This. But mostly because I loved reading FR novels, and it mucked things up. And the authors (i.e. Ed Greenwood and R.A. Salvatore) hated it too and planned to reverse the whole thing from the start. It's the best they could do, but they knew it would be disastrous. And well, no more WotC D&D novels, so I don't think it's just us.

I played it and didn't care for it very much because it felt like an MMORPG. Suddenly we had defenders, strikers, and controllers all felt too similar to roles characters had in World of Warcraft.

I don't like those terms, either, and the fact that they basically pidgeonhole your class into being played in a certain way.

The at-will, per-encounter, and daily powers all felt like I was pressing a button on my keyboard and waiting for the cool down so I could press it again.

Absolutely, although on the other hand, that's true for many other editions and systems, as well. 'Once per Long Rest' from 5E is basically the same as 'daily'.


Biological Disaster
Combat was painfully long until they fixed their monster math. Which happened WAY too late in the design cycle. Same with how long it took for them to figure out how to make solos work. The downside of giving everyone crowd control options is that if you have only one opponent they're hilariously easy to lock down.

I loved Primal being its own thing separate from Arcane and Divine, and monks fit perfectly well as Psionic. Also answered the question of why gods aren't super active in the world in a fantastic way (the elder primal spirits essentially told them to sit down and stay out). I still use the 4E cosmos when running D&D games. I've never been fond of alignment to begin with, and the previous model's usage of "a plane for every alignment combo and element" just felt ridiculous to me.

The A/E/D setup was... yeah, it could have been done better. I didn't hate it, but it was a little too formulaic. I LOVED the fact that what weapon the fighter used actually mattered though. And they had ways to actually protect their allies. Heck, despite some reservations about the A/E/D setup, I liked almost all of the classes. They each felt unique inside of the powers framework. A Shaman played nowhere near the same as a Fighter, for instance.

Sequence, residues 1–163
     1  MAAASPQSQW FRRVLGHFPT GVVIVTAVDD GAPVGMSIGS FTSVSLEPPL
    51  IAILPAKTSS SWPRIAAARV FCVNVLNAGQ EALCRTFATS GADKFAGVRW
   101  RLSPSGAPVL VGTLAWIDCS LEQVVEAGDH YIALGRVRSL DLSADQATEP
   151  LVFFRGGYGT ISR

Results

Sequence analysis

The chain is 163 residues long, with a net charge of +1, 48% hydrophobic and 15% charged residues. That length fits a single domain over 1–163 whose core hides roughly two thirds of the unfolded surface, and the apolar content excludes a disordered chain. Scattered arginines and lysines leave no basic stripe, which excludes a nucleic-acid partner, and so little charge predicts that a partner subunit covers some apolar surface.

For me it was the first version ever to give me the experience that D&D had promised me for over three decades. I switched over from 3.5 almost immediately and never looked back.

As we played it, we still found a few proud nails annoying us, so when the edition was abandoned by WoTC, I created my own clone which is something like 30% 3.x basics, 40% ideas from 4E, and 30% my own ideas.

Yeah, as someone who was playing since 1980, 4e solved a whole bunch of problems for me, some of which I never even realized existed. And I find it hard to play 5e which reintroduced many of them.

I think the contingent of AD&D players+who don't particularly like Vancian spell casters/like weaponusers+like meaningful tactical combat is one of the groups that just loved 4e.


4e was my reintroduction to D&D after a hiatus of more than a decade. I selected 'Played it, and didn't like it' but I'm not saying it's a bad game.

I only played a single session and it didn't click - it felt less like an RPG and more like a dungeon crawl boardgame. Admittedly, the session was very combat heavy, so it may not have been entirely typical, but combats took so long we barely made any progress at all. I think one, or possibly two, relatively small combats took up the entire session.

Now I love boardgames, and really enjoy the D&D adventure boardgame series which is based on 4e, but that scratches a different itch than I want from my RPGs. 4e seemed, to me, to be a hybrid of both types of game, and I far prefer to play one or the other.